• The levy is collected by local Councils annually and if you are currently receiving a Pension Rebate off your Council Rates you will automatically receive a rebate of the Fire Service Levy as determined by the State Government.
  • The FSL charges are State Government charges and are calculated and advised to all Councils on an annual basis.
  • Council is the collection agency on behalf of the State Government and all income raised from this Levy are passed to the Victorian Government.

Valuations

What is a valuation?

A valuation is an assessment of the value of a property at a specific date (the current revaluation is based on the levels of property value as at 1 January 2019). 

Valuations are conducted by a qualified Valuer.  The value of each property is based upon property sales, which have occurred around the date of valuation, the quality and condition of the property, taking into consideration any improvements.

How often are valuations undertaken?

The Valuer-General Victoria is now responsible for the undertaking of valuations (for Council rates, fire services levy and land tax purposes) in Victoria.  These valuations are now undertaken annually whereas previously they were undertaken every two years.

Why has it changed?

To more accurately reflect any recent change/trends in values. Centralising the valuation function with the Valuer-General also improves efficiency, consistency, transparency and cost effectiveness.

How will the change affect my rates?

Revaluations do not impact on Council’s revenue. A revaluation simply informs the amount each property contributes to Council’s overall rate income.

Why has my Valuation decreased while my rates have increased?

The revenue that Council need for running the municipality is divided into the total assessed CIV of all rateable properties. This establishes a ‘rate in the dollar’ to be applied to each property.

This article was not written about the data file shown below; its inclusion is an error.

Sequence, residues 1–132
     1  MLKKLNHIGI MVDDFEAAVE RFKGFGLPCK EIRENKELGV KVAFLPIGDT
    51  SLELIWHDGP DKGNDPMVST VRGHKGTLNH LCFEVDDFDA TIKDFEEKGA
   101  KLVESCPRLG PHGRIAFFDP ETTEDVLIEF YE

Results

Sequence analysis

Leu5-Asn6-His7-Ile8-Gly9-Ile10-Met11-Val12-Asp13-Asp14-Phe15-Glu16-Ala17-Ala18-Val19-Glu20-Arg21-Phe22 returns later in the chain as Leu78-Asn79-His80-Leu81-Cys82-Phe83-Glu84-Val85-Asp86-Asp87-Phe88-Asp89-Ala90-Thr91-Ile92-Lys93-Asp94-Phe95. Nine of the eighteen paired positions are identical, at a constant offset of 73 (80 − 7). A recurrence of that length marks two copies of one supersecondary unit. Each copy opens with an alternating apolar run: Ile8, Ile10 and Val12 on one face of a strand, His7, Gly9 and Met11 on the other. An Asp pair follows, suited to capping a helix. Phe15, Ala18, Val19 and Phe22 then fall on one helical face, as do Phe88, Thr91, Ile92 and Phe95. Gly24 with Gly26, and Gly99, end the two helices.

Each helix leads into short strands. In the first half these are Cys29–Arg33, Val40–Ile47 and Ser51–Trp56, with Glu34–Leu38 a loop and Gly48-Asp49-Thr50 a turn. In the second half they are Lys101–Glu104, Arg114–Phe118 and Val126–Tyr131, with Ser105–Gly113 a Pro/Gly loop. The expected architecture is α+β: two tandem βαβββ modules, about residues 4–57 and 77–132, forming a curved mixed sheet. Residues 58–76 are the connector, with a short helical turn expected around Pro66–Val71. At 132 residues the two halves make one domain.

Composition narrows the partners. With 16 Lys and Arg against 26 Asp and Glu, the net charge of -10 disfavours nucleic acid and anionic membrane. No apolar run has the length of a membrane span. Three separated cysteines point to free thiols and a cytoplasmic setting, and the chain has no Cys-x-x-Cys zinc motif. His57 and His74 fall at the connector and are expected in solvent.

The result of this could be that your CIV has decreased but the rate in the dollar has increased by a higher proportion. This will result in an overall increase in the rates for those properties

Please note: Ensure you are not adding the Site Value and the Capital Improved Value together which is a common misconception

Why are revaluations done?

The Valuation of Land Act 1960 states that the Valuer-General Victoria shall be the Valuation Authority for the State of Victoria.

The Act also states that there will be a revaluation all rateable properties within the municipality on a yearly cycle.  All properties in Victoria are revalued at the same date.

Revaluations ensure that both the Council and the Victorian Government recognise the changes that occur in the property market, both positive and negative, and that these changes are reflected in the level of rates or land tax a landowner will pay

Does a revaluation cause rate rises?

Increased property values do not increase the total amount of money a Council collects in rates — it redistributes the amount of rates paid between individual properties.

Some ratepayers will pay more and some will pay less, depending on the new value of their property relative to other properties in their municipality. The Council budget determines how much a council requires in rates to operate the municipality

Can I object to a valuation?

Yes. Information about lodging an objection is listed on the back of your notice. Objections need to be in writing and lodged with the Valuation Authority within two months of the issue date listed on your notice. 

The property market has declined – why hasn’t my valuation decreased?

  • Valuations are conducted on 1 January each year. 
  • These valuations are based on sales activity leading up to and close to this relevant date.

If you disagree with your valuation you can lodge an objection within two months of the issue date listed on your notice. See back of notice for details.

I own properties in other municipalities, why are the rates different?

Each Council has different financial requirements to fund new infrastructure projects, deliver services and maintain existing assets